I have to go to two open houses, but this really great article from HOUZZ (the best home interiors blog, I think) just crossed my desk and I MUST share. First of all, I have been fighting paper mess for years. YEARS! From the business receipts you must retain to all the paper crap that comes in the mail, I sometimes need a Zanax just to deal with it. The amount of paper mail I get is ridiculous! Many years ago I had a mini-revolution and recycled EVERYTHING, I mean EVERYTHING, then got into trouble when I needed the bill and check stubs. Slowly but surely I have been going electronic with bills and banking and love it.
I’m streamlining down to three or four banks instead of seven — ones with best service and no fees win my accounts. Magazines: if they are not digital, I don’t want them. All that paper wastes trees and creates icky chemical residue! (I was indoctrinated by my late father-in-law, an engineer with International Paper Company, who had us recycling in the ’80s. Oh the stories he told us…) I have opted out of most catalogues, subscribe to one or two magazines. I asked to pay for the Dallas Morning News online only, but they insisted I get both to, I suppose, keep their paper circ numbers up. Whatever: we have a parrot and need the paper to line her cage. (PaperCity is the best parrot cage liner, after I read it, of course.) Those of you who have seen my office know it is not a pretty site, but I constantly work to improve. My problem is the many agents who continue to send reams of paper and waste money advertising in print. I also am bad about printing off invitations to hand carry to events, always on recycled paper of course (warning: print anything in my printer, it’s on recycled paper — drives my lawyer-daughter nuts). I am seeking a system where I can “park” electronic invitations and send them to my ipad and iphone, then pull them up away from the maddening crowd of emails. Anyhoo, love these tips and had to share. I have recycled the mail in our garage for years — that’s where we keep the paper recycling bin. It goes right from the mailbox to the recycle bin, including envelopes of important bills and invitations. Only the wanted stuff goes inside. Sometimes I have to do this on my kitchen counter. In fact, I think kitchens ought to come with “mail centers”.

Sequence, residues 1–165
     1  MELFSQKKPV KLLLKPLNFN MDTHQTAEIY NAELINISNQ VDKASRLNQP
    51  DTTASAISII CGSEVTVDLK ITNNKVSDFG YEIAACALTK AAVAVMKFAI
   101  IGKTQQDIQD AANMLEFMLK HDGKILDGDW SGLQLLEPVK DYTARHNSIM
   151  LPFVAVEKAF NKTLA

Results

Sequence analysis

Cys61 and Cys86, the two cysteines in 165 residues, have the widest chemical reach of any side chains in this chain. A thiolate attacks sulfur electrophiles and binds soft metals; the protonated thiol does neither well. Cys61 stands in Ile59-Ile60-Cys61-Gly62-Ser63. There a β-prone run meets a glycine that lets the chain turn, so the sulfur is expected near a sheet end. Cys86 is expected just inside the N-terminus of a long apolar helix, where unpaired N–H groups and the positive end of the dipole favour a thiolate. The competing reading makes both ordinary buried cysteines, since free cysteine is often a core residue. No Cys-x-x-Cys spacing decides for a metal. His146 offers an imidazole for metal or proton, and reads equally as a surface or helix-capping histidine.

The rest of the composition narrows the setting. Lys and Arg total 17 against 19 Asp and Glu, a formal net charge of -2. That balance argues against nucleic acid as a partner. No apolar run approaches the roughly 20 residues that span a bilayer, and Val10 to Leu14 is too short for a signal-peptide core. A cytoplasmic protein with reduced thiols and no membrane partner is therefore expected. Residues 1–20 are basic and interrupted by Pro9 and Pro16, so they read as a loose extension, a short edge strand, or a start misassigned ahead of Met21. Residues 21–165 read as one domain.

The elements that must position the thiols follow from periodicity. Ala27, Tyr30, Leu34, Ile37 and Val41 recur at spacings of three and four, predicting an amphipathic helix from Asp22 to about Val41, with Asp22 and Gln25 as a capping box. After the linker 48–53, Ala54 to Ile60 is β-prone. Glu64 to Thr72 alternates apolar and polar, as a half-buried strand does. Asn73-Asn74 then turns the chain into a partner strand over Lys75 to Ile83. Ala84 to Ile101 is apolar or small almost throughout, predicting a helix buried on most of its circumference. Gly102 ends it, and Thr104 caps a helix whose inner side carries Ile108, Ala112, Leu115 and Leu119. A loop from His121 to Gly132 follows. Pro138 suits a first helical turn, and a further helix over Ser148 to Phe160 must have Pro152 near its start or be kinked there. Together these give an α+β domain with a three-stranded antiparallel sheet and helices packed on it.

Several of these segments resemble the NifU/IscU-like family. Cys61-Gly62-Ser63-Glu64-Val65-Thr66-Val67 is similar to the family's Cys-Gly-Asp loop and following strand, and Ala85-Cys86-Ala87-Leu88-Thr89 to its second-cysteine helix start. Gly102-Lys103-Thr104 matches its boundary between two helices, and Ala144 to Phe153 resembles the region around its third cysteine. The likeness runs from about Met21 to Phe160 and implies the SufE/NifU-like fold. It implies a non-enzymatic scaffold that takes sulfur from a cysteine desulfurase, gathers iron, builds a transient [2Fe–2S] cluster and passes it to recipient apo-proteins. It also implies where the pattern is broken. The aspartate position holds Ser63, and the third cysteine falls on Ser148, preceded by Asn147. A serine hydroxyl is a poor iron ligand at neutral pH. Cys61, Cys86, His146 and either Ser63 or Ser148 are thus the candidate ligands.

What I learned today is that I can go to Catalog Choice and MailStop and opt out of receiving certain catalogs. MailStop is under the Catalog Choice umbrella. It comprises three add-on services that range from a free cell phone app to a $20 yearly service fee. Whatever: just stop the madness.
Other tips, some from HOUZZ:
Say no to paper: If you must have a receipt, request the data in email form. Take advantage when a store offers to email you the receipt. I do this all the time: next time you find yourself waiting at the doctor’s office, car wash or DMV, empty your purse or wallet. I will add that people who keep their cars neat tell me they clean them out, too, on a weekly basis.
Oh! Great iphone app for those pesky receipts: Expensify.
Stop printing stuff –easier said than done, but I am taking baby steps. Figure out how to process and file email, and when you learn, give me a holler. Unsubscribe from unwanted newsletters and emails. Make your email system do the work for you by creating tags and filters so that you spend less time sorting the incoming mail. (And then when you have three computers, you do this on al of them!) Your digital files should closely mirror your paper files. That’s nirvana, baby. My goal is to whittle down those four file cabinets to one… or none!
This should help you keep the paper tiger ar bay for open houses and showings, or whenever you want your home to look perfect.
What are some other tips you have for dealing with the paper mess and going paperless?
— Daily Local Real Estate Dish By Dallas Real Estate Insider — Candy Evans at CandysDirt.com